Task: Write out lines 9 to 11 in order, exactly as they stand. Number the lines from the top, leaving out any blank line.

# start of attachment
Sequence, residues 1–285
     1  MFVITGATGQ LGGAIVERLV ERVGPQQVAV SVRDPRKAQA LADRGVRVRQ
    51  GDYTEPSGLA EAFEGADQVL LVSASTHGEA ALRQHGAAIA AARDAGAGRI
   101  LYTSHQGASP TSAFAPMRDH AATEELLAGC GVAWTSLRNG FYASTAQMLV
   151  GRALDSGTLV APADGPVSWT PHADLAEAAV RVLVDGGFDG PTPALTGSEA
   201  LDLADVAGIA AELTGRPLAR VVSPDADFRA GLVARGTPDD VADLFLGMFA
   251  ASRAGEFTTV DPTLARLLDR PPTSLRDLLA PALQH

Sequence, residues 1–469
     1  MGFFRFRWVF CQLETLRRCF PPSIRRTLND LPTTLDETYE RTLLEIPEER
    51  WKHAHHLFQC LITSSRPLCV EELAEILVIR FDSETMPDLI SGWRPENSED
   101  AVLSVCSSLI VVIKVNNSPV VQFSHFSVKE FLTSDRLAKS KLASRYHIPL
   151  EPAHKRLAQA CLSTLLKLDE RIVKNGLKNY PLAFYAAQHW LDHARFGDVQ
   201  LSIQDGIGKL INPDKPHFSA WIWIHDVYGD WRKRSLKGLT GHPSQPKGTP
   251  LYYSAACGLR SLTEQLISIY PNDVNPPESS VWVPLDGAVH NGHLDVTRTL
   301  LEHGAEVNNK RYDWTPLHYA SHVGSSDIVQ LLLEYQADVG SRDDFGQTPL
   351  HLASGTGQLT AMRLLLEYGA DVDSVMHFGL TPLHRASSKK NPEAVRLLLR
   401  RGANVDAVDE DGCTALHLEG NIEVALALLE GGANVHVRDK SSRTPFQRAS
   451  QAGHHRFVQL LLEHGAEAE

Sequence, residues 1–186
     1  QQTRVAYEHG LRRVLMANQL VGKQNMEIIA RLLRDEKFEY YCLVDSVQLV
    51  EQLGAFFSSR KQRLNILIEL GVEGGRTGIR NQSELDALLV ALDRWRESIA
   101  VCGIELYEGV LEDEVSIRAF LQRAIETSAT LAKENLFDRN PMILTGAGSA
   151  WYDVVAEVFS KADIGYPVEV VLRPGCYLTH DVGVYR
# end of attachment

     1  MGFFRFRWVF CQLETLRRCF PPSIRRTLND LPTTLDETYE RTLLEIPEER
    51  WKHAHHLFQC LITSSRPLCV EELAEILVIR FDSETMPDLI SGWRPENSED
   101  AVLSVCSSLI VVIKVNNSPV VQFSHFSVKE FLTSDRLAKS KLASRYHIPL